Please note: We have multiple readings from one book. Building Successful Online Communities: Evidence-Based Social Design by Robert Kraut and Paul Resnick. You may want to purchase a copy. It is available in a variety of formats (hardcover, paperback, epub, etc.) from a variety of fine booksellers. Pre-publication versions of all the chapters are also available from one author's website.
There are no prerequisites for the class. You are expected to perform all the usual activities: prepare for, attend, and participate actively in all class sessions; complete assignments in a timely manner; and abide by all applicable norms and policies. If you have questions about any of this, please get in touch.
You will be asked to submit the following, all of which will be evaluated as part of your grade for the course (percentage in parentheses):
- Wikipedia project and other labs (25%)
- Critical community analysis #1 (15%)
- Peer assessments (5%)
- Final project (Critical community analysis #2) proposal (5%)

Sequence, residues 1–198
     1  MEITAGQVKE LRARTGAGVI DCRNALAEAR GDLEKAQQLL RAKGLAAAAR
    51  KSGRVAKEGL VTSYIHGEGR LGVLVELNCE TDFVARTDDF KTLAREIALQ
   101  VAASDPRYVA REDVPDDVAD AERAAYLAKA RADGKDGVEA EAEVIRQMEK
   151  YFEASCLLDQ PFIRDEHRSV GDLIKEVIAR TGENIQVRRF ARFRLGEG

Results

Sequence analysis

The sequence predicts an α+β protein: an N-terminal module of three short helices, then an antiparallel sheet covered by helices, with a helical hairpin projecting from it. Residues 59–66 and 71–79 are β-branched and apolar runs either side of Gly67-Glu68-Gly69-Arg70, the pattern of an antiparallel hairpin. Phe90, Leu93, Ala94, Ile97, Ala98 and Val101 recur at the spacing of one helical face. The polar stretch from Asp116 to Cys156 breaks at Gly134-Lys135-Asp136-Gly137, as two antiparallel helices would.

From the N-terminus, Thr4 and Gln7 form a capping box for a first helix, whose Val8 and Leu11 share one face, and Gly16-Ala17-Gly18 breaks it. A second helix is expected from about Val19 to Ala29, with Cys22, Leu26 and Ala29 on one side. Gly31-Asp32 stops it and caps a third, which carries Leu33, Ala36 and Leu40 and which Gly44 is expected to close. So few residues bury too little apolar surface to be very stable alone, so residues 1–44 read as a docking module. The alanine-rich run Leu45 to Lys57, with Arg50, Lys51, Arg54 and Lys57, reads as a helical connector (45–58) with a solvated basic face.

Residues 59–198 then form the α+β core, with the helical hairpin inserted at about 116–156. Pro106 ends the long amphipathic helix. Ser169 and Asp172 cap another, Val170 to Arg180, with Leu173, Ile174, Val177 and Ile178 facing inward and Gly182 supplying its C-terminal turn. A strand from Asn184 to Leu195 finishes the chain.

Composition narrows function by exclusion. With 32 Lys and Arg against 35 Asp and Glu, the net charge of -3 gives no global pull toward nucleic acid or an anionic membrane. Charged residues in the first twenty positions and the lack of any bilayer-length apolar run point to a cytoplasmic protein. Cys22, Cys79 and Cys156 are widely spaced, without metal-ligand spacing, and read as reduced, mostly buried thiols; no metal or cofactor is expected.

- Final project (critical community analysis #2) (20%)
Brief descriptions of these assignments are provided in the following section. Additional details including evaluation rubrics and deadlines will be provided via the course website and in class.
An additional 30% of your final grade will evaluate your participation and overall engagement with the course material. As part of this, you are required to meet with Jeremy Foote, the Teaching Assistant for the course, at least once before the final project proposal is due. My strong recommendation is that you meet with Jeremy sooner rather than later -- both because he'll have helpful feedback and because his schedule will undoubtedly fill up closer to the deadline (when it will be too late for you to take full advantage of his advice anyway). Jeremy's office hours will be Wednesdays 12-2pm (or by appoitment) in Frances Searle 2-419. You can contact him at firstname.lastname@example.org.
In general, you should plan to submit all your assignments via Canvas. You can always also email your assignments to the teaching team if you encounter technical difficulties or other surprises.
Several of these assignments (and especially the Wikipedia project) either obligate or allow you to work in teams. Whenever you collaborate with one or more of your peers on an assignment, you are required to include the names of your collaborators on the assignment at the time you hand it in. In some cases, all individuals will be asked to submit their own copy of the assignment even when they have collaborators.